The report lays out individual roadmaps for each state to achieve an 80 percent transition by 2030, and a full conversion by 2050. Jacobson said that several states are already on their way. Washington state, for instance, could make the switch to full renewables relatively quickly, thanks to the fact that more than 70 percent of its current electricity comes from existing hydroelectric sources. That translates to about 35 percent of the state’s all-purpose power if Washington were 100-percent electrified; wind and solar could fill most of the remainder.

Iowa and South Dakota are also well-positioned, as they already generate nearly 30 percent of their electricity from wind power. California, which was the focus of Jacobson’s second single-state roadmap to renewables after New York, has already adopted some of his group’s suggestions and has a plan to be 60 percent electrified by renewables by 2030.

The plan calls for no more than 0.5 percent of any state’s land to be covered in solar panels or wind turbines. The upfront cost of the changes would be significant, but wind and sunlight are free. So the overall cost spread over time would be roughly equal to the price of the fossil fuel infrastructure, maintenance and production.

“When you account for the health and climate costs – as well as the rising price of fossil fuels – wind, water and solar are half the cost of conventional systems,” Jacobson said. “A conversion of this scale would also create jobs, stabilize fuel prices, reduce pollution-related health problems and eliminate emissions from the United States. There is very little downside to a conversion, at least based on this science.”

Jacobson said that if the conversion is followed exactly as his plan outlines, the reduction of air pollution in the U.S. could prevent the deaths of approximately 63,000 Americans who die from air pollution-related causes each year. It would also eliminate U.S. emissions of greenhouse gases produced from fossil fuel, which would otherwise cost the world $3.3 trillion a year by 2050.

For more details, visit Jacobson’s website and The Solutions Project.

Media Contacts

Mark Z. Jacobson, Civil and Environmental Engineering: (650) 723-6836; jacobson
Bjorn Carey, Stanford News Service: (650) 725-1944; bccarey

Global Climate Change
Environment Ethics
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Full Speech: Donald Trump Speech at Shale Insight Conference in Pittsburgh, Pennsylvania (9/22/2016)


Donald Trump Speeches & Events

Streamed live on Sep 22, 2016

Watch Live: Donald Trump Speak at Shale Insight event in Pittsburgh, Pennsylvania (9/22/2016) – Full Speech: Donald Trump Speech, Event Campaign, Live event in Pittsburgh FL – Donald Trump Pittsburgh Speech, Pennsylvania Rally

Donald Trump Speech at Shale Insight Conference in Pittsburgh, Pennsylvania (9/22/2016)

Republican presidential nominee Donald Trump delivers remarks to The Shale Insight Conference in Pittsburgh, Pennsylvania.

Global Climate Change
Environment Ethics
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The Sky’s Limit: Why the Paris Climate Goals Require a Managed Decline of Fossil Fuel Production – Oil Change International

skys-limit-new-cov

Oil Change International, in collaboration with 350.org, Amazon Watch, APMDD, AYCC, Bold Alliance, Christian Aid, Earthworks, Équiterre, Global Catholic Climate Movement, HOMEF, Indigenous Environmental Network, IndyAct, Rainforest Action Network, and Stand.earth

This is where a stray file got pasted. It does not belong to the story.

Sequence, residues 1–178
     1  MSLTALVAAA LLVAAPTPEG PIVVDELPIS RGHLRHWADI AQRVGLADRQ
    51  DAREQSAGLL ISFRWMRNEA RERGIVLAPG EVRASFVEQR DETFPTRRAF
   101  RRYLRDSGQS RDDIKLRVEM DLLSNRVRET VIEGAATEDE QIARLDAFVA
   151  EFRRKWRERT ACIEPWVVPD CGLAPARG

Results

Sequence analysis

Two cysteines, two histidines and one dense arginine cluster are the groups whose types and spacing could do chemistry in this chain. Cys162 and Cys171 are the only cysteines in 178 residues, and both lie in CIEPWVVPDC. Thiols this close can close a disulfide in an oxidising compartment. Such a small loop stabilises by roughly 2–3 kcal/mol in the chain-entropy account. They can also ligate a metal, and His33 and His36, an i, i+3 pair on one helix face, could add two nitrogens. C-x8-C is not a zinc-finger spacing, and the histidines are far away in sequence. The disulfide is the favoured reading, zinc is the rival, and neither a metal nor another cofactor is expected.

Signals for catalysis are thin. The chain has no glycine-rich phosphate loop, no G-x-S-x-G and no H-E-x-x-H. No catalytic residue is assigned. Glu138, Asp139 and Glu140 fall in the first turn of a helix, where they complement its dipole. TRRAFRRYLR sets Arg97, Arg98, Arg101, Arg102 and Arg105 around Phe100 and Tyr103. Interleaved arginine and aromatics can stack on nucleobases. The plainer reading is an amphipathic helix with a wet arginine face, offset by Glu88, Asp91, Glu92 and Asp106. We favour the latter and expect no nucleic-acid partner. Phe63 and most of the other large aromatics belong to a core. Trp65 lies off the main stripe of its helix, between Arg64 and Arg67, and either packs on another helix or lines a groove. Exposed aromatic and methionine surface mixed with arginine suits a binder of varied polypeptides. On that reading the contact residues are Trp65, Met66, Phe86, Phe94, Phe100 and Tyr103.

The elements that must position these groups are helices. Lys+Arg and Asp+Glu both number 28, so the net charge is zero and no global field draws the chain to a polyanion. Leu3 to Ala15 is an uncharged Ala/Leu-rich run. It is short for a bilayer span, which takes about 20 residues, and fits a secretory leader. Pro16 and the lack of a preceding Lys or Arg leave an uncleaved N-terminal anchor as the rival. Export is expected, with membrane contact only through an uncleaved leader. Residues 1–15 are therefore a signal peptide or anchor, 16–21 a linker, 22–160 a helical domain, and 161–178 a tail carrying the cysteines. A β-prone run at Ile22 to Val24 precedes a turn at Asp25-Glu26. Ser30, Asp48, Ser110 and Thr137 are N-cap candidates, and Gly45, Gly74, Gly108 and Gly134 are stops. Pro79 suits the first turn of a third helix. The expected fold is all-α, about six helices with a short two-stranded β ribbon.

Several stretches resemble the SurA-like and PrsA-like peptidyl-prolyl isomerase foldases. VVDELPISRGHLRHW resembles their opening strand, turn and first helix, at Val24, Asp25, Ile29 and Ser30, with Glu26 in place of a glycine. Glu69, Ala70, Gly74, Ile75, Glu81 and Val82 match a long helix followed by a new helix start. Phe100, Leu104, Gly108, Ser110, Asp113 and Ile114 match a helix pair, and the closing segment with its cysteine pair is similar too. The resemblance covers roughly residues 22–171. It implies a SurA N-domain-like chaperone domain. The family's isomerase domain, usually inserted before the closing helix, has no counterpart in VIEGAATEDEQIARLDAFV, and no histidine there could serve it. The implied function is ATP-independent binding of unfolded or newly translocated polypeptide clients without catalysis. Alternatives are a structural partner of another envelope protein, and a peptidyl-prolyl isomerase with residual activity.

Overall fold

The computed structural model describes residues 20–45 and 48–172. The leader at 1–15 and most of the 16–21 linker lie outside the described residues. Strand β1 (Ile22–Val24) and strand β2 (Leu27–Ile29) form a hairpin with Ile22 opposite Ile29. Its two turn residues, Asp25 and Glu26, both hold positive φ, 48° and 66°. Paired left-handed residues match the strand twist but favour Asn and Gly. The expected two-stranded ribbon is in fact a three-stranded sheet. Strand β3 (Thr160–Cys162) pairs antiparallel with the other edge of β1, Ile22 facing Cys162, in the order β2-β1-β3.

September 2016  DOWNLOAD REPORT

A new study released by Oil Change International, in partnership with 14 organizations from around the world, scientifically grounds the growing movement to keep carbon in the ground by revealing the need to stop all new fossil fuel infrastructure and industry expansion. It focuses on the potential carbon emissions from developed reserves – where the wells are already drilled, the pits dug, and the pipelines, processing facilities, railways, and export terminals constructed.

Key Findings:

  • The potential carbon emissions from the oil, gas, and coal in the world’s currently operating fields and mines would take us beyond 2°C of warming.
  • The reserves in currently operating oil and gas fields alone, even with no coal, would take the world beyond 1.5°C.
  • With the necessary decline in production over the coming decades to meet climate goals, clean energy can be scaled up at a corresponding pace, expanding the total number of energy jobs.

Key Recommendations:

  • No new fossil fuel extraction or transportation infrastructure should be built, and governments should grant no new permits for them.
  • Some fields and mines – primarily in rich countries – should be closed before fully exploiting their resources, and financial support should be provided for non-carbon development in poorer countries.
  • This does not mean stopping using all fossil fuels overnight. Governments and companies should conduct a managed decline of the fossil fuel industry and ensure a just transition for the workers and communities that depend on it.

Click here to download the report.

Click here to read the report’s Executive Summary in French.

…(read more).

Global Climate Change
Environment Ethics
Environment Justice

Climate & Extreme Weather News #6 (September 17th-30th 2016)


Understanding Climate Change

Published on Oct 1, 2016

Climate & Extreme Weather News #6 (September 17th-30th 2016)

Global Climate Change
Environment Ethics
Environment Justice